Police outnumber protesters at antigay march in Allentown

Posted: December 07, 2002

ALLENTOWN — A church group from Kansas known for its crude antigay diatribes arrived yesterday to little fanfare in the Lehigh Valley, where its first protest was met by more police officers than counterdemonstrators.

Earlier, more than 100 Lehigh University students had gathered on the Bethlehem campus to demonstrate against the Westboro Baptist Church, but an airline cancellation had caused the Topeka group to miss the scheduled protest there.

The group then arrived at 4:30 p.m. for a protest aimed at Cedar Crest College in Allentown, where nine members picketed along a nearby street carrying signs bearing slogans such as "God Hates Fags," "Thank God for Sept. 11," and "Prepare to Meet Thy God."

The pickets were confined to a small stretch of sidewalk and surrounded by more than 20 Allentown police officers, many of whom wore riot helmets. Small groups of students watched in silence from a safe distance, and neighborhood resident Chris Hoenscheid was the lone counterdemonstrator.

"That's not what Christianity is about," said Hoenscheid, 32, who carried a cardboard sign that read: "Christian, not close-minded."

"They have as much right to be here as anyone else," he said, "but I think they are a little misguided."

Westboro members, who are led by the Rev. Fred Phelps, decided to bring their crusade against homosexuality to the Lehigh Valley after residents spoke out against a Baptist preacher who had suggested that the Sept. 11 attacks resulted from America's growing tolerance of same-sex unions.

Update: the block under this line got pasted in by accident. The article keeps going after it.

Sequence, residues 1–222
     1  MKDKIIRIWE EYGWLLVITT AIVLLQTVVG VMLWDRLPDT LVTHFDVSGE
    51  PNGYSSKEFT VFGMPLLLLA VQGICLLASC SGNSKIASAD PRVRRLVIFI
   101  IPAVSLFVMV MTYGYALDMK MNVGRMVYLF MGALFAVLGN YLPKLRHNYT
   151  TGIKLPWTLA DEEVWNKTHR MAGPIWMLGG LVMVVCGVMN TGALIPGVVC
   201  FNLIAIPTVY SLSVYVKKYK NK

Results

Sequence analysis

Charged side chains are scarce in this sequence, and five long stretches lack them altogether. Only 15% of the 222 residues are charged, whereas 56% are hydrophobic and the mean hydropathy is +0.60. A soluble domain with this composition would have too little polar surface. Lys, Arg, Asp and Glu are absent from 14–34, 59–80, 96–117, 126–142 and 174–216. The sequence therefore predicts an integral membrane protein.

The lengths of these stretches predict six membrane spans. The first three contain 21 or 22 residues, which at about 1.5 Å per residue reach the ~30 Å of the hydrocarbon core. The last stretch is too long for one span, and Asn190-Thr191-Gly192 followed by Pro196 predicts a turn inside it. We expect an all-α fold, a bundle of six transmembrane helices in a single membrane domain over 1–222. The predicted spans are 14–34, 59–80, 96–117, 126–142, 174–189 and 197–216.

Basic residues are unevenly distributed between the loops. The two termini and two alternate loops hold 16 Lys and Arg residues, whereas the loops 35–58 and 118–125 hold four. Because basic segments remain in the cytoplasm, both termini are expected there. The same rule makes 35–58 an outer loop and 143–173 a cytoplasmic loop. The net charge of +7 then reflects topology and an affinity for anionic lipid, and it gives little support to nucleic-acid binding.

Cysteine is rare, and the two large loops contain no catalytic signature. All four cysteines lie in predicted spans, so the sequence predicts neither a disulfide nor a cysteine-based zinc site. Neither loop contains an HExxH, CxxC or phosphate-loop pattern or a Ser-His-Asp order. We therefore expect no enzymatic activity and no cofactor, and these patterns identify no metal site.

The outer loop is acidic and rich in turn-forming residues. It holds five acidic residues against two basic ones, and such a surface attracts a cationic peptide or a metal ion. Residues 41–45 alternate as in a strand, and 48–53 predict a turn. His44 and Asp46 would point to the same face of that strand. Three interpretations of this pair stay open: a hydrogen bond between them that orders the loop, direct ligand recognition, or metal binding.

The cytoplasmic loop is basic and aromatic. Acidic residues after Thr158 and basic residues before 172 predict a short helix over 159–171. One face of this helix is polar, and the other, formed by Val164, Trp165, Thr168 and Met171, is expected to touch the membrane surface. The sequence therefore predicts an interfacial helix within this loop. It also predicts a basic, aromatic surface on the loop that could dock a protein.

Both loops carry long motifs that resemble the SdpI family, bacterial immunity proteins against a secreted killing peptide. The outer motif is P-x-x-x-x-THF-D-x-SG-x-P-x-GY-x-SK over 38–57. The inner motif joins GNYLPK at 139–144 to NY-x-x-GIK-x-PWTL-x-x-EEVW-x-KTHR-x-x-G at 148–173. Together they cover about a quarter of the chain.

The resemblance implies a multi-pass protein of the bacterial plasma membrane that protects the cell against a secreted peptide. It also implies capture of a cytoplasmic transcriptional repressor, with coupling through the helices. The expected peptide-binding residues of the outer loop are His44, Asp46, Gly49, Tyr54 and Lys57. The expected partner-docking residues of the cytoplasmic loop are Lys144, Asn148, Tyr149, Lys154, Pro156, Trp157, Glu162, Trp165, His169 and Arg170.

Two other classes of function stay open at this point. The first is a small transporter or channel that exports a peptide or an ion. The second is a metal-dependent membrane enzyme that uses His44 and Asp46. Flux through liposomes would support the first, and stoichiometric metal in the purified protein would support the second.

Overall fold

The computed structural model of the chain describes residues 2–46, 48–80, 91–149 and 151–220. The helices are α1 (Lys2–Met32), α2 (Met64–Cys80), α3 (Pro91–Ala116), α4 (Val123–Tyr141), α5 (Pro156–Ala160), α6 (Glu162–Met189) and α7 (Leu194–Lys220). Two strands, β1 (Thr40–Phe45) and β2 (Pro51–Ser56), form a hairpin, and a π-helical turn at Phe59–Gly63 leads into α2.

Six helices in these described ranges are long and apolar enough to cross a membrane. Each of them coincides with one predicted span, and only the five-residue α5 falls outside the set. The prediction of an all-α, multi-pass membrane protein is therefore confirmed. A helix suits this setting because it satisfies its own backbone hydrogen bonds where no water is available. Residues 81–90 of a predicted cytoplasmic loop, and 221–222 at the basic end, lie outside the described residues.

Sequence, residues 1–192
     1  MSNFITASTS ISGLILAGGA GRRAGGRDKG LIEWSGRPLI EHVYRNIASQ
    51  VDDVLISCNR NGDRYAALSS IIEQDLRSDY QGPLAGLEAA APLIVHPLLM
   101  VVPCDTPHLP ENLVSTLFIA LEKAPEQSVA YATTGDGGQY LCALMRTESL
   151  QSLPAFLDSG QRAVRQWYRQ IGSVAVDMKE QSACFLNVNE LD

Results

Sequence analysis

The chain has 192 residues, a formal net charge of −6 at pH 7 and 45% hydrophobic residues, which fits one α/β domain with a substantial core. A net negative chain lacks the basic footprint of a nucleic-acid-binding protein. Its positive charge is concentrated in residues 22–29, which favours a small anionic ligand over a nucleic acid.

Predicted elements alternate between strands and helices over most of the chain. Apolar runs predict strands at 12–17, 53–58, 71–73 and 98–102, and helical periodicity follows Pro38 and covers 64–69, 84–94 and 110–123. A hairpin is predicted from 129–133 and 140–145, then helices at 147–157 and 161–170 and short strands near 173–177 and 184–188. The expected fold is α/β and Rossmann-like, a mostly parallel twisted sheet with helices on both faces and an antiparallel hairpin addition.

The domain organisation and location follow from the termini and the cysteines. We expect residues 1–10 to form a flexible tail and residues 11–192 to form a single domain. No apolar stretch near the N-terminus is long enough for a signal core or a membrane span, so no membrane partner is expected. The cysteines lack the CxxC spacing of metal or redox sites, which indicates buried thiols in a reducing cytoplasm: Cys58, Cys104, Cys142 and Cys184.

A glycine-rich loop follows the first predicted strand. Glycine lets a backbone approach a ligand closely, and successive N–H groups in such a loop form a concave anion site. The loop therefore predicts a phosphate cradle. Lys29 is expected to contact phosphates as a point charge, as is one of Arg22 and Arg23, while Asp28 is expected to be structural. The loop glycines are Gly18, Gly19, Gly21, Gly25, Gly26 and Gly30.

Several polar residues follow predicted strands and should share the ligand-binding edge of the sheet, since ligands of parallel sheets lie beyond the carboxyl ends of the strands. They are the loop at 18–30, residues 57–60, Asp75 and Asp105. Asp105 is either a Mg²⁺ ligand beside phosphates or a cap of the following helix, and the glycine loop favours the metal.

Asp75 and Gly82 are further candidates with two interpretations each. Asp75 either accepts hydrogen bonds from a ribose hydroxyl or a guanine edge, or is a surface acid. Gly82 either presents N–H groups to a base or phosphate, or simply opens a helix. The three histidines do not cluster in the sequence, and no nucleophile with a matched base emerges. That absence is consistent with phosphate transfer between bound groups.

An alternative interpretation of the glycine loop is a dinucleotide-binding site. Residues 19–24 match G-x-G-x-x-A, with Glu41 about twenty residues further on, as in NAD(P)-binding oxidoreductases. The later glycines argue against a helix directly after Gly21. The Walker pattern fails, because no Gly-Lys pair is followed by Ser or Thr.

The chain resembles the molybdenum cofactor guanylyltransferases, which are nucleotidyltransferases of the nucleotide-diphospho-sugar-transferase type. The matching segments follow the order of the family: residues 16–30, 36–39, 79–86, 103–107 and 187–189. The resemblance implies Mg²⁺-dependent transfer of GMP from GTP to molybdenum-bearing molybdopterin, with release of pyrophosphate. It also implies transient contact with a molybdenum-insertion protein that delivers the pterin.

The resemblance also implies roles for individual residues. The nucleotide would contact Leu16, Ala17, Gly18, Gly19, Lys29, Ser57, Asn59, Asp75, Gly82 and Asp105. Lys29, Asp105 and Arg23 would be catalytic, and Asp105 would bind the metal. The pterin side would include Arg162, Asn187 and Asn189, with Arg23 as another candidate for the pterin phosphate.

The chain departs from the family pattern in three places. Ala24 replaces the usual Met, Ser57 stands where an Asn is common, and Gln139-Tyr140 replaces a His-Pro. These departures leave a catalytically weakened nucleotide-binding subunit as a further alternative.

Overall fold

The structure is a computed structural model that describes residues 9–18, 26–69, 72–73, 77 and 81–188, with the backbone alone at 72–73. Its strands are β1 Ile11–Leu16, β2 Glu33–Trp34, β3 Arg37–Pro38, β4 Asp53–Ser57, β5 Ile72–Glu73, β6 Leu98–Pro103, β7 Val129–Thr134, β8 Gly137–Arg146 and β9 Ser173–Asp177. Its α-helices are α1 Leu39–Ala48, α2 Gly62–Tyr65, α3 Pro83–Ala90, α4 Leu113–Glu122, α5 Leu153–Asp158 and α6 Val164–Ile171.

The Westboro group will protest at Lehigh and several Bethlehem churches today. It targeted Cedar Crest because the college recently gave an award to tennis great Billie Jean King, a lesbian.

"This place needs some preaching to," said Westboro picket Charles Hockenbarger, 28, who is married to one of Mr. Phelps' daughters. "Any university that is going to put a dyke like Billie Jean King up on a pedestal needs a whole lot of preaching to."

As rush-hour traffic on Hamilton Street crawled past the pickets, motorists peered out their windows with mystified expressions. Groups from the women's college watched quietly from a hillside on campus.

At Lehigh, where the Westboro group failed to show earlier in the day, student activist Meghan Punschke said the big student turnout showed the campus was mobilized against intolerance.

"This brought all kinds of people together who normally wouldn't socialize with each other," Punschke, 21, said. "It's more about us coming together than it is about them."

Contact Oliver Prichard at 610-313-8219 or oprichard@phillynews.com.

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